The Child Who Cannot Fail?

Boys compete in a canoe event at Camp Alvernia in Centerport, N.Y., the longest-running Catholic summer camp in the country. (CNS photo/Gregory A. Shemitz, Long Island Catholic)

As readers know, a few days ago I noted I'd be blogging about Jennifer Senior's book All Joy and No Fun: The Paradox of Modern Parenthood. I didn't want to characterize it formally as a "book club discussion," because that requires an orderliness that my brain doesn't follow very well, especially in a blogging format. I like to jump around, quote passages, and offer commentary on the issues that most galvanize my interests. I hope readers don't mind. If it looks like I need to fill in some gaps—or if readers need gaps filled—I will.

Having said that, I want to jump into the middle of the book, to chapter 4, which Senior titles "Concerted Cultivation." This, for me (as an educator), was probably the most arresting part of the book, and I found myself nodding along with most of the paragraphs. The section I want to address here is her discussion about the number of activities, and the kind of activities, for which parents sign up and schedule their children. Profiling a middle class community in suburban Houston, Senior writes:

After-school baseball isn't just Little League here. It's the right Little League team and a private batting tutor; advanced kids do club-level tournament baseball, for which "there are even tryouts," says [one mother]. "You have to be asked." Bela Karolyi, the former coach to Nadia Comaneci and Mary Lou Retton and Kerri Strug, runs a gymnastics camp sixty miles outside of Houston. Some kids start football before they can read. "Stephen went to football camp over the summer," says Monique Brown, another mother I met, "and those parents were like, 'We gotta get these kids protein shakes and muscle milk!' As if their kids were going to go pro. At seven.

Summers can be even worse, because there are full days to fill. . . . Most parents know that summer camp today isn't the summer camp of yore, filled with tetherball and relay races and inedible Jell-O snacks. Camp has become a week-to-week series of immersion courses, each designed to nurture strengths and open minds. But even in light of these new, talent-optimizing developments, the recitation this woman gave of her sons' summer options was truly Homeric, amounting to a nerd's paradise for the kids but a carpool Hades for her and her husband.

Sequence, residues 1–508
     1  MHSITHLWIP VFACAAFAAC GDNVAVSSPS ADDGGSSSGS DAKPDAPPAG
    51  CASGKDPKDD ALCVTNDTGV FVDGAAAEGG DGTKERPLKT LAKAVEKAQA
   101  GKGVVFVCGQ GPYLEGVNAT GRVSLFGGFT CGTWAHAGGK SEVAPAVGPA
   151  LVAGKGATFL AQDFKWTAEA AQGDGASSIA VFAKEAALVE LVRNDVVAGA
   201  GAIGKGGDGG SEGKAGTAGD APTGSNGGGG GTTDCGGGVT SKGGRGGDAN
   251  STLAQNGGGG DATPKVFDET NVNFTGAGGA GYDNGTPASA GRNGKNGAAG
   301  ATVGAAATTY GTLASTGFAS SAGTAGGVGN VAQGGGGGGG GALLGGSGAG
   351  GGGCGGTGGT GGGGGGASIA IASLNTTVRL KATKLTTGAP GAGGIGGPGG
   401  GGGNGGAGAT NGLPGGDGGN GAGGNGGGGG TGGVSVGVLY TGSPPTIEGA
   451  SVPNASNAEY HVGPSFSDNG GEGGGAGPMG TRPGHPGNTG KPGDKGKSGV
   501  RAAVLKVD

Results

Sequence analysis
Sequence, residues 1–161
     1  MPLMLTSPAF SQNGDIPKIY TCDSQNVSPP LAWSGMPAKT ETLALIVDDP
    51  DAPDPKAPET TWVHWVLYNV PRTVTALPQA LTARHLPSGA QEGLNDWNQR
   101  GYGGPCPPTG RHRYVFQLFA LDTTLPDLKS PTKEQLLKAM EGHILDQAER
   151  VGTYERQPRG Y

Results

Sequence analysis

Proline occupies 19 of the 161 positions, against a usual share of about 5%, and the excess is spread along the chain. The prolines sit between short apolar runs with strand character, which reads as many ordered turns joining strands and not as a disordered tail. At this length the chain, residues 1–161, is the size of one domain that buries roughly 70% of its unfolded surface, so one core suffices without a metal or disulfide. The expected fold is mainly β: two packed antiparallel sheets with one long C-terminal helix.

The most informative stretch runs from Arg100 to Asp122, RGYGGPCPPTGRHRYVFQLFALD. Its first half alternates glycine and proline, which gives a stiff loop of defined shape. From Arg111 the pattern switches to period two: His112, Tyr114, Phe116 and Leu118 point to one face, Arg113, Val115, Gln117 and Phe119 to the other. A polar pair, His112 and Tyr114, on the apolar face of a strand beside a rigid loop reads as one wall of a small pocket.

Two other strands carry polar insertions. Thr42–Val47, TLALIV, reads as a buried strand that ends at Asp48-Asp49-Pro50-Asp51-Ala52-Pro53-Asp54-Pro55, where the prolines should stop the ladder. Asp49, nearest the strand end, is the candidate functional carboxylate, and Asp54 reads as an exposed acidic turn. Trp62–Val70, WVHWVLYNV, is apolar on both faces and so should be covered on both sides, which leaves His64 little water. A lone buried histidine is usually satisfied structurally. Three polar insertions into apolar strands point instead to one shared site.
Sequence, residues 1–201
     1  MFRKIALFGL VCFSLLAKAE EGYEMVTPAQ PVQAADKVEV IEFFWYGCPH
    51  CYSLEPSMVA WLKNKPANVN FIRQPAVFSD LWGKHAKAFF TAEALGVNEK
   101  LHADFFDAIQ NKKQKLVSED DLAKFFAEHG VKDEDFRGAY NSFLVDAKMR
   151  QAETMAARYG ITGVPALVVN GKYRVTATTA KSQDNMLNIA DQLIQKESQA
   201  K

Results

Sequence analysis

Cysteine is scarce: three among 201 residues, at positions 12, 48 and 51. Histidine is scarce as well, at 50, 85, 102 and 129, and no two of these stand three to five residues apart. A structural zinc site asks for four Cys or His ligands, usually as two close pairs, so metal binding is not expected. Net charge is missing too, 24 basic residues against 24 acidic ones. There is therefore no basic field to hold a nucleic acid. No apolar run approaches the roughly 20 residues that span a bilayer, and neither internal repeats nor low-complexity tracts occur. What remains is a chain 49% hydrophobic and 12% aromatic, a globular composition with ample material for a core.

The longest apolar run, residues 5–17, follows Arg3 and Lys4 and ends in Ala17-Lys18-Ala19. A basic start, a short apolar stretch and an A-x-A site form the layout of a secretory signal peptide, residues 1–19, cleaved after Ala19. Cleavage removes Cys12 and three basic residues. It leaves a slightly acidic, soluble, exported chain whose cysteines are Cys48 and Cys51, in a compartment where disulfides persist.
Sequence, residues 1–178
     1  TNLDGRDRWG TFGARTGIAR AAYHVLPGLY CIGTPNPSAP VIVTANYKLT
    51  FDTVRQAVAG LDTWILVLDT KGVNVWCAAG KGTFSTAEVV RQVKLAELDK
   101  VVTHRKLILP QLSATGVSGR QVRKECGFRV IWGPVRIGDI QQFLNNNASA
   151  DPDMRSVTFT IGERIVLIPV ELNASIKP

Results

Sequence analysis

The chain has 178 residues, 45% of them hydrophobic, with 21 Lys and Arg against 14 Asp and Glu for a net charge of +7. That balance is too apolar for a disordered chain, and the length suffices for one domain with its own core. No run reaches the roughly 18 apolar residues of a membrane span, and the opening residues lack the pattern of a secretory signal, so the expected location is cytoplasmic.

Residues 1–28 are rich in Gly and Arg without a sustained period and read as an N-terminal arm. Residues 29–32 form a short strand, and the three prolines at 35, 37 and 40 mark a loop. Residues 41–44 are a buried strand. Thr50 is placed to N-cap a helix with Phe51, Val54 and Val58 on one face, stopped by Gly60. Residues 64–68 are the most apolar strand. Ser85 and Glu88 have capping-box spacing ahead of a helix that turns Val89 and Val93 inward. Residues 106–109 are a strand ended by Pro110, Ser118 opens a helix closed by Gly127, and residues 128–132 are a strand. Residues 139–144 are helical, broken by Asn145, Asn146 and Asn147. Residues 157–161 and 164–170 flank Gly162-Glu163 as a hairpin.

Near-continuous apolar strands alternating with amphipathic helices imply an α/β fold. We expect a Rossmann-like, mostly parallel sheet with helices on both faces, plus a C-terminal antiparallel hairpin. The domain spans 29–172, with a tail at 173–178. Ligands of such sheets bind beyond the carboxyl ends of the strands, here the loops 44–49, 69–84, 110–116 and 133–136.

Senior goes on to catalogue the variety of summer programs, which include Chemistry Camp, Space Camp and Physics Camp, as well as camps that teach Java, C++ and other skills and knowledge necessary for building apps and becoming the next Bill Gates. The especially advanced kids, notes Senior, could find summer courses in neuroscience.

What to make of all this? Senior refers to a "hyperparenting" that "reflects a new sense of confusion and anxiety about the future." In her words: "Today it is the unimpeachable conviction of the middle class that children ought to be perfected and refined in order to ready them for the world ahead." But she adds: "What, precisely, are we preparing our children for? How, as mothers and fathers, are we supposed to prepare them for it?"

Those questions are, for me, some of the most important in the chapter, and certainly ones that crop up throughout the course of a school year in conversations between faculty and families. I've seen the anxiety that Senior describes, but it's not only in the middle class. Those in the highest-income levels carry it, too. There is an intense concern with charting a roadmap for success. 

All these activities, all these programs, all these camps—what is the goal? What is the end? Job preparation, career readiness, college admissions, general knowledge and sophistication, a combination of them all?

Let me add that I'm not suggesting that well-roundedness is a bad thing. I will want that for my kids one day. But Senior implies that many today are seeking more than a basic well-roundedness, more than a general dabbling. There is an effort (as Senior notes later in the chapter) to combat a fundamental uncertainty that hangs over a child's future the moment he or she is born. If we cultivate them enough, they cannot fail. If we prepare them enough, they will get into a great school: those appear to be a few of the underlying assumptions for some of the parents Senior profiles.

I could say a number of things about this issue, but the first thing that came to mind, in my capacity as an Ignatian educator, was the importance of discernment, the importance of inviting parents and students to reflect meaningfully upon the choices they are making, especially in light of their relationship with God. "Why are you doing this? What is your goal? Are your decisions driven by a fear of uncertainty?" These are some of the questions that parents and students have to ask themselves. And it has to be an institutional priority, a mission undertaken by teachers, counselors and coaches. We cannot simply usher kids into activity after activity, trusting that the accumulation of achievements and experiences will by some mystical law guide them to fulfillment and happiness. More often than not, it leads to despair and burnout. 

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